struct and byte[]

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William Stacey [MVP]

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Jun 2, 2002, 10:33:32 PM6/2/02
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This has been vexing me for a while. I want to take a struct (could be any
struct with char[]'s etc, but use following as an easy example) and easily
and quickly turn that into a byte array to pass to something like
udpClient.Send. Obviously the fastest would be to not copy to a byte[] at
all, but to somehow cast a byte[] onto the struct and just read from same
place in memory without a copy - If this is possible, please let me know.
The following is close, but does not work because the udpClient.Send does
not take a pointer to a byte. I would rather not manually build the byte[]
using some kind of stream because I think that would complicate the code and
be slower (but if only way, that is ok too) This has to be a common task
needed in almost any network program - is there a fast and standard way to
do this? TIA

struct Point1
{
public int x, y;

public Point1(int p1, int p2)
{
x = p1;
y = p2;
}
}
...

Point1 myPoint = new Point1(1,2);
byte[] buffer = new byte[sizeof(Point1)];
fixed (byte* pBuffer = buffer)
{
*((Point1*) pBuffer) = myPoint;
udpClient.Send (pBuffer, buffer.Length); //Error - pBuffer not byte[]
}

--
William Stacey, MCSE
Windows Server MVP


Greg Ewing

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Jun 2, 2002, 10:59:38 PM6/2/02
to
William, you can use a BinaryFormatter to format your struct into a Byte[].
See the post by Herve on 5/30 titled "overloaded "Socket.receive"" for
someone else who is trying to do something similar.

--
Greg
http://www.claritycon.com/

"William Stacey [MVP]" <sta...@mvps.org> wrote in message
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William Stacey [MVP]

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Jun 2, 2002, 11:29:51 PM6/2/02
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Thanks Greg, however I don't think the BinaryFormatter is what I'm after.
This seems like a lot of overhead and It looks like it may add metadata to
the stream (for the rebuild at the other end - not sure.) My byte stream
must be formatted in a specific way to follow rfc. There must be a fast way
to do this with a struct and unsafe code or something. So close but far
away. Any other ideas?

--
William Stacey, MCSE
Windows Server MVP


"Greg Ewing" <gewing@_NO_SPAM_claritycon.com> wrote in message
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Chris R

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Jun 3, 2002, 1:56:35 AM6/3/02
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struct Point1
{
// only one 'size' created, regardless of how many Point1s are created.
public const int size = 8;
public int x, y;

public Point1(int p1, int p2)
{
x = p1;
y = p2;
}

public byte [] GetBytes( )
{
byte [] retArray = new byte[ size ];
Buffer.BlockCopy( BitConverter.GetBytes(x), 0, retArray, 0, 4 );
Buffer.BlockCopy( BitConverter.GetBytes(y), 0, retArray, 4, 4 );
// For larger structures, keep on adding to the struct.
return retArray;


}
}
...
Point1 myPoint = new Point1(1,2);

// Note the use of Point1.size, not myPoint.size
udpClient.Send( myPoint.GetBytes(), Point1.size );

Hope this helps,
Chris R

"William Stacey [MVP]" <sta...@mvps.org> wrote in message
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NETMaster

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Jun 3, 2002, 4:28:50 AM6/3/02
to
does it work if
udpClient.Send (pBuffer, buffer.Length);
is changed to
udpClient.Send ( buffer, buffer.Length); ?


Note, if the struct contains any array[],
unsafe/fixed will get error
"Cannot take the address or size of a variable of a managed type"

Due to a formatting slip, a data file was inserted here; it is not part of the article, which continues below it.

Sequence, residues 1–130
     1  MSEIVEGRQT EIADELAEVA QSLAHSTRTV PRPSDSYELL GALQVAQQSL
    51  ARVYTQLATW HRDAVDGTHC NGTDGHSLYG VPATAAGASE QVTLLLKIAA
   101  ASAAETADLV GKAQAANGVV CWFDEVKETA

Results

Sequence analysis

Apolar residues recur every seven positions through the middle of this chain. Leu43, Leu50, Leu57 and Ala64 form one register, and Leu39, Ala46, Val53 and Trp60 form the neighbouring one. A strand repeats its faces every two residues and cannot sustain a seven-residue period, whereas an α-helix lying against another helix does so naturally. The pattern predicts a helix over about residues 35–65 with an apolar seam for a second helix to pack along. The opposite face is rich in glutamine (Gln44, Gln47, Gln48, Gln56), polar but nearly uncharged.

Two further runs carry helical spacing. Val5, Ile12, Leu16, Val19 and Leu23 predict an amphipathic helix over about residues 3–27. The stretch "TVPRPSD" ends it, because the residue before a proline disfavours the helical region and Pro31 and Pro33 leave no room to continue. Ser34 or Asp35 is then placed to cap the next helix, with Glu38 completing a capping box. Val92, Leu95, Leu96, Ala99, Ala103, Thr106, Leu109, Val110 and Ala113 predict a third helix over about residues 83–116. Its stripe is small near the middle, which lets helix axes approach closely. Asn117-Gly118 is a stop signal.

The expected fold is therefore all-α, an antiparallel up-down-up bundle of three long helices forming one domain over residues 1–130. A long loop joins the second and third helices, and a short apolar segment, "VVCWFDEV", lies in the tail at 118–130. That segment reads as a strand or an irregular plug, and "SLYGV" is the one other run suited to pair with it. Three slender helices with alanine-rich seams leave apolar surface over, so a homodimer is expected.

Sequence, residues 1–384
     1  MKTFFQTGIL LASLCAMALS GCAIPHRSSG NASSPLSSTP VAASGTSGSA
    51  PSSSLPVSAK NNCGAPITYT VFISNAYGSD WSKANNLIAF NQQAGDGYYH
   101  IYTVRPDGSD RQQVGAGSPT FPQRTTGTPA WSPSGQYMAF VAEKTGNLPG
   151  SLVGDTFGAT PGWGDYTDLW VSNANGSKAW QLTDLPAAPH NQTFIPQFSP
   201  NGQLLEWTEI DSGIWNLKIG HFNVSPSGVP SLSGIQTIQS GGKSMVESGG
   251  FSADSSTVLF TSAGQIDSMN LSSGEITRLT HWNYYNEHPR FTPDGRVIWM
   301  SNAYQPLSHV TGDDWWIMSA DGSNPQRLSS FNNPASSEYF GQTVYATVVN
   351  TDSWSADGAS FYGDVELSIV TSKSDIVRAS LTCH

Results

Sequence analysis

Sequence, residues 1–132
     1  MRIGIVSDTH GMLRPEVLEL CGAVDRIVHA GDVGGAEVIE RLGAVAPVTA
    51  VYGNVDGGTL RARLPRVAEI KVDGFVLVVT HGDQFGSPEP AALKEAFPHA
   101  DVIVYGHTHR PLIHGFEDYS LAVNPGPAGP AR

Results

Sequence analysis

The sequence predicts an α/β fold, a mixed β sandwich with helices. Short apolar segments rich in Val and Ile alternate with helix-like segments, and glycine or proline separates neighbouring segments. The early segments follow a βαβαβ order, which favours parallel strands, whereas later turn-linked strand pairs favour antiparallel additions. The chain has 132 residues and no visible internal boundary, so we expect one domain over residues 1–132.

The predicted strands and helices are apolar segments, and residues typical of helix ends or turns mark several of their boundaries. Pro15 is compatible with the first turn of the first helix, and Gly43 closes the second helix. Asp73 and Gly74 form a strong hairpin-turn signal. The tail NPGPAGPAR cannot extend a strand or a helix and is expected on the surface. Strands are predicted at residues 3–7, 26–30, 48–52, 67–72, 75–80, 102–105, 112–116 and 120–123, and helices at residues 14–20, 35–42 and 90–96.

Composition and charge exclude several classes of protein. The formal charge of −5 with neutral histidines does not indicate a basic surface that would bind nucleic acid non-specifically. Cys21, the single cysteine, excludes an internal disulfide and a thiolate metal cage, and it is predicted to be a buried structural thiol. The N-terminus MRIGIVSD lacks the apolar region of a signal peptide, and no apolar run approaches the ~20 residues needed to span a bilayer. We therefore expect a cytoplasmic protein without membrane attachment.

then you could use Marshal & GCHandle like:


// ===============================================================
[StructLayout(LayoutKind.Sequential, Pack=1, CharSet=CharSet.Ansi)]
struct YourStruct
{
[MarshalAs( UnmanagedType.ByValArray, SizeConst=8 )]
public char[] txt;
public int num;
}
...

// usage:
YourStruct s;
s.txt = "TestText".ToCharArray();
s.num = 77;

// serialize:
byte[] a = RawSerializeEx( s );

// reverse = deserialize:
YourStruct sr = (YourStruct) RawDeserializeEx( a, typeof(YourStruct) );


public static object RawDeserializeEx( byte[] rawdatas, Type anytype )
{
int rawsize = Marshal.SizeOf( anytype );
if( rawsize > rawdatas.Length )
return null;
GCHandle handle = GCHandle.Alloc( rawdatas, GCHandleType.Pinned );
IntPtr buffer = handle.AddrOfPinnedObject();
object retobj = Marshal.PtrToStructure( buffer, anytype );
handle.Free();
return retobj;
}

public static byte[] RawSerializeEx( object anything )
{
int rawsize = Marshal.SizeOf( anything );
byte[] rawdatas = new byte[ rawsize ];
GCHandle handle = GCHandle.Alloc( rawdatas, GCHandleType.Pinned );
IntPtr buffer = handle.AddrOfPinnedObject();
Marshal.StructureToPtr( anything, buffer, false );
handle.Free();
return rawdatas;
}
// ===============================================================


--
NETMaster (Thomas Scheidegger)
http://www.cetus-links.org/oo_csharp.html

"William Stacey [MVP]" <sta...@mvps.org> wrote in message news:ekto0bqCCHA.2576@tkmsftngp04...

> This has been vexing me for a while. I want to take a struct (could be any
> struct with char[]'s etc, but use following as an easy example) and easily
> and quickly turn that into a byte array to pass to something like
> udpClient.Send. Obviously the fastest would be to not copy to a byte[] at
> all, but to somehow cast a byte[] onto the struct and just read from same
> place in memory without a copy - If this is possible, please let me know.
> The following is close, but does not work because the udpClient.Send does
> not take a pointer to a byte. I would rather not manually build the byte[]
> using some kind of stream because I think that would complicate the code and
> be slower (but if only way, that is ok too) This has to be a common task
> needed in almost any network program - is there a fast and standard way to
> do this? TIA
> struct Point1
> {
> public int x, y;
>
> public Point1(int p1, int p2)
> {
> x = p1;
> y = p2;
> }
> }

William Stacey [MVP]

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Jun 3, 2002, 9:46:49 AM6/3/02
to
Thanks Chris! That will come in handy.

--
William Stacey, MCSE
Windows Server MVP


"Chris R" <sot...@bellsouth.net> wrote in message
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William Stacey [MVP]

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Jun 3, 2002, 10:15:23 AM6/3/02
to
Thanks Thomas! That is probably exactly what I wanted as I will be using
char[]'s too.
BTW - Marshal.StructureToPtr says:
"A managed object holding the data to be marshaled. This object must be an
instance of a formatted class."

What is a formatted class? This is only referenced in the Marshal class